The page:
1 Peter – Chapter Four VII

by Ed Urzi

“For there has already been enough time spent in doing what the pagans choose to do: carrying on in unrestrained behavior, evil desires, drunkenness, orgies, carousing, and lawless idolatry” (1 Peter 4:3 HCSB).

This catalog of inappropriate behaviors from 1 Peter 4:3 concludes with a reference to idolatry. In speaking of the lawless nature of this conduct, one source tells us, “The Greek word… means ‘contrary to law and justice, illicit, criminal.’ These idolatries were forbidden by Roman law. They must have been pretty bad.” (1)

Indeed, such behaviors were pretty bad, but not simply because they violated ancient Roman law. You see, it was the act of idolatry itself that made them bad. While idolatry may take many forms, we can identify an idol as anything we love, fear, or depend on more than God. When something takes the place of God in our lives, that thing (whatever it is) effectively becomes an idol.

Here’s why: if God does not occupy the highest position of love and affection in our lives, then we must substitute something (or someone) else as the ultimate object of such things. For instance, there are modern-day examples of those who have crafted an idol from a physical possession, a financial asset, or a person.

Let’s take the case of an individual who prioritizes the accumulation of financial wealth above all else. The person who values money above everything else is as guilty of idolatry as someone who bowed before a human-crafted statue in the Old Testament era, for both have relinquished God’s rightful place in their lives to something else. The same is true of anything that takes God’s place in our lives.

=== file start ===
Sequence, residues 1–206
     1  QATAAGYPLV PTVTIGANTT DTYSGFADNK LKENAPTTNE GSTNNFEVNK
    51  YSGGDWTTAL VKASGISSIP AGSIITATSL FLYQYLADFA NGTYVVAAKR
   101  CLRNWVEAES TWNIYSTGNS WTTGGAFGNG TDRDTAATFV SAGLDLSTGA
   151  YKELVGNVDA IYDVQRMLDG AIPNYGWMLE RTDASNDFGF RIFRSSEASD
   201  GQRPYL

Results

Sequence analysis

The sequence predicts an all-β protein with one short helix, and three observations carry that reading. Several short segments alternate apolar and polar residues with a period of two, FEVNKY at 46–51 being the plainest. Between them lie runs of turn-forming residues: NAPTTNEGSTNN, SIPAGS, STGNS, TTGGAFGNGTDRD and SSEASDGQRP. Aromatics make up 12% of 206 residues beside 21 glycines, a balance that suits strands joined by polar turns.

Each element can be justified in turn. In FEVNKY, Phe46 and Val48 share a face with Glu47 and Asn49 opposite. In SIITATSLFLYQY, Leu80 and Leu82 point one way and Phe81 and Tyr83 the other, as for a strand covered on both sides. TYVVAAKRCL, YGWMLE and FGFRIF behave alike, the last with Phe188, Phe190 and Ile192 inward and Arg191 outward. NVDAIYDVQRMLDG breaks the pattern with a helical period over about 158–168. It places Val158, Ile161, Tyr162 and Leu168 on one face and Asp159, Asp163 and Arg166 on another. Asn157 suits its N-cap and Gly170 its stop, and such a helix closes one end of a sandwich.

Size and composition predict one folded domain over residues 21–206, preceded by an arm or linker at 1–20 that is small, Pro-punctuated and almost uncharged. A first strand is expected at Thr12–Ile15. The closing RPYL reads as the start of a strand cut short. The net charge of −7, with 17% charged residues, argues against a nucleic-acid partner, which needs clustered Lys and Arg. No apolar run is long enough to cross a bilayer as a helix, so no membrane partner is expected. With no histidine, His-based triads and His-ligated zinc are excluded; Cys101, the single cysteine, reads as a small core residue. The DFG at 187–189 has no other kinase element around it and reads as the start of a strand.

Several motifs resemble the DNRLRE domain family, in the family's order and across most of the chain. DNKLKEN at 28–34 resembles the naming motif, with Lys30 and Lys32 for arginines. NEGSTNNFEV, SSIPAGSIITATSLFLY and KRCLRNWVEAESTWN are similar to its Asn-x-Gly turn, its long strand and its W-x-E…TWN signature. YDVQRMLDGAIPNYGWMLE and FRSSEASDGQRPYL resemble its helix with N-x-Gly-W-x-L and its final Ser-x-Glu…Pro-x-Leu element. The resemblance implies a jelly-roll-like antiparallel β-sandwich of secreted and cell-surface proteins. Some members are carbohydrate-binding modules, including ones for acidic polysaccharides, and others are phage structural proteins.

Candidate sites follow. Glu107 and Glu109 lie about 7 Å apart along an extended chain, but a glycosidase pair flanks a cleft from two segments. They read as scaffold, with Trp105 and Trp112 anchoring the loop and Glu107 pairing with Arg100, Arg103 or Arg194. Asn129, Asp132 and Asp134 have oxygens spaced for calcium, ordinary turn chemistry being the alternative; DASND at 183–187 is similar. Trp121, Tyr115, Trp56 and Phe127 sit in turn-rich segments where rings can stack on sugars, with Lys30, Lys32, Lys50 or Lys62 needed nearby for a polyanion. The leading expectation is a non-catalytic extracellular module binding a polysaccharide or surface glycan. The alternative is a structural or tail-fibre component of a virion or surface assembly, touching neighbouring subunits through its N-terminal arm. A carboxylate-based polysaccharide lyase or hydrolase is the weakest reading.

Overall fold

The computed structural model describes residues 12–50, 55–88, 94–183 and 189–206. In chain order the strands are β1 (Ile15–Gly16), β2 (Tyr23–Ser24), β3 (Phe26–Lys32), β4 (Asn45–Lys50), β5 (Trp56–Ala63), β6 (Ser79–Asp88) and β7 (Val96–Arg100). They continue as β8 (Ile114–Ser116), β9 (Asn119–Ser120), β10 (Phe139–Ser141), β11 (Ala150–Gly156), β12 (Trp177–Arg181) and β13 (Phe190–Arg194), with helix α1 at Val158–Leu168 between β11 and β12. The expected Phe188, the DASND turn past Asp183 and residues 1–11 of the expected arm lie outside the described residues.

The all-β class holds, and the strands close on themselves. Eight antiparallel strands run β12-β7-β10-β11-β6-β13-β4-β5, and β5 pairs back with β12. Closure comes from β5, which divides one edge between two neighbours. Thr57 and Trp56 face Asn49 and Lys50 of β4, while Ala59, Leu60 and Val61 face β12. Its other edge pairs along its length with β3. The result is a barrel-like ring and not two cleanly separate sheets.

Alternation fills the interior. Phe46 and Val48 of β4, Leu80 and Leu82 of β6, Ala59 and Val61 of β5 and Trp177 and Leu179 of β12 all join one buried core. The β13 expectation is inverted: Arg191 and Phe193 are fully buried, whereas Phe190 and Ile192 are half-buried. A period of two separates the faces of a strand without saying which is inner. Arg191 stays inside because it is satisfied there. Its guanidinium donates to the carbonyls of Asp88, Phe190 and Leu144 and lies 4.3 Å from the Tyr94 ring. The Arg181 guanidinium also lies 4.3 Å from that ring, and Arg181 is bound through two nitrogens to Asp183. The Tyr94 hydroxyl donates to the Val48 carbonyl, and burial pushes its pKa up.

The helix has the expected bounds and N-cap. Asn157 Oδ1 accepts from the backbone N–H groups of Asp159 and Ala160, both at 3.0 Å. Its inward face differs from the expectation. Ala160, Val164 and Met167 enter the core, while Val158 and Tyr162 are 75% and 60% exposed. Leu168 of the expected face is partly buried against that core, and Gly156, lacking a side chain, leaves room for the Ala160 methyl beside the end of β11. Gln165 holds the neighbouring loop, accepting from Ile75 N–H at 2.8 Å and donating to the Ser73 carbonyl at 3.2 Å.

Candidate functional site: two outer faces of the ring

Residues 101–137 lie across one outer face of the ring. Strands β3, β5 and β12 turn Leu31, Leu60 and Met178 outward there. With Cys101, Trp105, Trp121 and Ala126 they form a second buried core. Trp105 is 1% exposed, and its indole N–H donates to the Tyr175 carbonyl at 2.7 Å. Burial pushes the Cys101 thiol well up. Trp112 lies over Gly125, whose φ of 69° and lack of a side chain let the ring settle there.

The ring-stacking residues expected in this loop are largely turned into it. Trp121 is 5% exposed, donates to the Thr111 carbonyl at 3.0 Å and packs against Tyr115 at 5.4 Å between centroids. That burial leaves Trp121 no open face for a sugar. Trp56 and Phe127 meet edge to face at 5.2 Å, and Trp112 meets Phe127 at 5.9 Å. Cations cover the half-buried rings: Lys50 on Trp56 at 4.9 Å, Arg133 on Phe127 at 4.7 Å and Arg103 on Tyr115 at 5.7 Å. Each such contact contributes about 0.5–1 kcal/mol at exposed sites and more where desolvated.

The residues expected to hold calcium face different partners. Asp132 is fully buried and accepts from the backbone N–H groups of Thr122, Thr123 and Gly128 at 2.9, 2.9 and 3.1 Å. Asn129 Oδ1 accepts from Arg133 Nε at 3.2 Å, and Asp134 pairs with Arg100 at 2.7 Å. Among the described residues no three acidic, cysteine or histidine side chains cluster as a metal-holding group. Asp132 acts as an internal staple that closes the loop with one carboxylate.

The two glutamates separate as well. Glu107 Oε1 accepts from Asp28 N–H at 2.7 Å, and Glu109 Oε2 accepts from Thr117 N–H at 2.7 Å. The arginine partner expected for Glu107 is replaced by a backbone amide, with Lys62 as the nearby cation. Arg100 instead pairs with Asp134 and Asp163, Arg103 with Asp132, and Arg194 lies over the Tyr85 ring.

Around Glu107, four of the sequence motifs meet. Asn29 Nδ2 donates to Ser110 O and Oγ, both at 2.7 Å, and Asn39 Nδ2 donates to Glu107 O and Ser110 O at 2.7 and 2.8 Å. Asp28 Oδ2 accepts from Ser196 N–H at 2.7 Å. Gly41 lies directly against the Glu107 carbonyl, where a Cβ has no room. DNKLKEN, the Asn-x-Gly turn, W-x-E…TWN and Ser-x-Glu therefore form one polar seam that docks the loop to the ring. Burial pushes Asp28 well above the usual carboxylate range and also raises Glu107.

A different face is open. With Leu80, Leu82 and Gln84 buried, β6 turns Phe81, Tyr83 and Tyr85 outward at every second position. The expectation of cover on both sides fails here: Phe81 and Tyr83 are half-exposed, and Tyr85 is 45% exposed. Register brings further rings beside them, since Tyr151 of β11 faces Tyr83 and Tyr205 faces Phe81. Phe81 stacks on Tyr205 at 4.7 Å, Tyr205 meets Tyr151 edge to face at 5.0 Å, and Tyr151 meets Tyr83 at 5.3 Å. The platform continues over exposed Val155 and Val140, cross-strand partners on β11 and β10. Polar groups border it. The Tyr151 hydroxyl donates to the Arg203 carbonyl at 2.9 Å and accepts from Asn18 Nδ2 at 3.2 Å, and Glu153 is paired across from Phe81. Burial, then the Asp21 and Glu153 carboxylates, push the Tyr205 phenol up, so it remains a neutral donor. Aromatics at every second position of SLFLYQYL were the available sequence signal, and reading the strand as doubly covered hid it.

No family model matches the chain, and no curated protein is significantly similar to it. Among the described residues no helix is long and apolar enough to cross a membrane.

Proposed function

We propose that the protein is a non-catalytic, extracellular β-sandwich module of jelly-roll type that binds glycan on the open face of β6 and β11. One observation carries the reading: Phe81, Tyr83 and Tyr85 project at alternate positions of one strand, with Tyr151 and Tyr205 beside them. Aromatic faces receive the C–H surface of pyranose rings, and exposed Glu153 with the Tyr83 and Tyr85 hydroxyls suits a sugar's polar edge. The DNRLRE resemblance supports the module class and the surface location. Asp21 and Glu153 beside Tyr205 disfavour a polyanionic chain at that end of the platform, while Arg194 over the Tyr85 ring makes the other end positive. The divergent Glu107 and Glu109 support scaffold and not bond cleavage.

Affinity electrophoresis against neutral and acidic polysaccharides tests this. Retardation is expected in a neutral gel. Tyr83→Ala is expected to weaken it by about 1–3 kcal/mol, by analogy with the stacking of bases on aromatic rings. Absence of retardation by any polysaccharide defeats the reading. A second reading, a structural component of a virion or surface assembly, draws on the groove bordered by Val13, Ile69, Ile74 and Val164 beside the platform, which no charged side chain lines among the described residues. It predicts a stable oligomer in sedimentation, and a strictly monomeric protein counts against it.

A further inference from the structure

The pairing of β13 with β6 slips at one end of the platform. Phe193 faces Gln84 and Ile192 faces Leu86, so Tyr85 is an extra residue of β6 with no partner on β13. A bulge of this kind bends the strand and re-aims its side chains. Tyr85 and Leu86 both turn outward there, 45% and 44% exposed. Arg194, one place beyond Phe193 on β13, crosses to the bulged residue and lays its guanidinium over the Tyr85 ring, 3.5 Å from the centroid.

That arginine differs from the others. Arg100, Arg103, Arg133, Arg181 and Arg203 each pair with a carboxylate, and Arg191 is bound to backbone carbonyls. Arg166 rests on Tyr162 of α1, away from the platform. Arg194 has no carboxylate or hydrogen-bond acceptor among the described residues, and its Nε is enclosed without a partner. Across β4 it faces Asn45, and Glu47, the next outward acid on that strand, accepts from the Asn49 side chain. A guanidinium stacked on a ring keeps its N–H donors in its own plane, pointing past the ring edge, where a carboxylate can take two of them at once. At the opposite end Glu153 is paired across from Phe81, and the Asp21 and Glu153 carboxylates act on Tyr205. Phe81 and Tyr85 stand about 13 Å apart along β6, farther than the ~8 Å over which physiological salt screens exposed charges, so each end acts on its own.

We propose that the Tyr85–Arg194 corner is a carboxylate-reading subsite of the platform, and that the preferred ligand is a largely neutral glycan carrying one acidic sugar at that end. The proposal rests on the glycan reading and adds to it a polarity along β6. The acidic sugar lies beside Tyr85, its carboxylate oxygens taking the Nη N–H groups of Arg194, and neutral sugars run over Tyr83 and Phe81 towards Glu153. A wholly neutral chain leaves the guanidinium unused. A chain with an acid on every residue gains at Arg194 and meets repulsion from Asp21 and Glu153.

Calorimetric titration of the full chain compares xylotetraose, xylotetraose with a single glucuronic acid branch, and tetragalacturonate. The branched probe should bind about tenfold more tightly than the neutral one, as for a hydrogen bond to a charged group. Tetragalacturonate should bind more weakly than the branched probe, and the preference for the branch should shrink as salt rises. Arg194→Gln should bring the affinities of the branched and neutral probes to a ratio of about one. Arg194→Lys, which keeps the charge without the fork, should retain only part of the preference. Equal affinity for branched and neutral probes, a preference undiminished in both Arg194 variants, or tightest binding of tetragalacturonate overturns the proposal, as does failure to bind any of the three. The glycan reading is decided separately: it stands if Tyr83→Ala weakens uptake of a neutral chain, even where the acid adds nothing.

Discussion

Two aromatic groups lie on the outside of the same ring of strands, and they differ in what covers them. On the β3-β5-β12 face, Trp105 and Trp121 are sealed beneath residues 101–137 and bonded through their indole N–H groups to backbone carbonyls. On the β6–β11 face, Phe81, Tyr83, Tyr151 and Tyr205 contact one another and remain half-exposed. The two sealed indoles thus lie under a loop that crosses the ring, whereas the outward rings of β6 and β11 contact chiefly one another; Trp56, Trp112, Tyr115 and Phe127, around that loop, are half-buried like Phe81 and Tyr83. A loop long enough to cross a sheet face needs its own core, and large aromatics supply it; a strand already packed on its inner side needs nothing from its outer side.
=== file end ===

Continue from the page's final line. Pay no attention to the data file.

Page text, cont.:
In light of this, we may consider anything that displaces the love and devotion that rightfully belongs to our Creator as an idol. This explains why the Scriptures repeatedly warn against engaging in such behaviors. For example…

“Be careful not to forget the covenant of the LORD your God that he made with you; do not make for yourselves an idol in the form of anything the LORD your God has forbidden” (Deuteronomy 4:23).

“Therefore, my beloved, flee from idolatry…” (1 Corinthians 10:14).

“…a greedy person is really an idol worshiper– he loves and worships the good things of this life more than God” (Ephesians 5:5 TLB).

Therefore, we can say that everything must take second place to God in our lives. Anything that fails to assume that position becomes an idol. As Jesus also reminded us in Luke 12:15, “…Take heed and beware of covetousness, for one’s life does not consist in the abundance of the things he possesses.”

(1) Kenneth S. Wuest, Word Studies in the Greek New Testament [1 Peter 4:3] Copyright © 1942-55 by Wm. B. Eerdmans Publishing Co.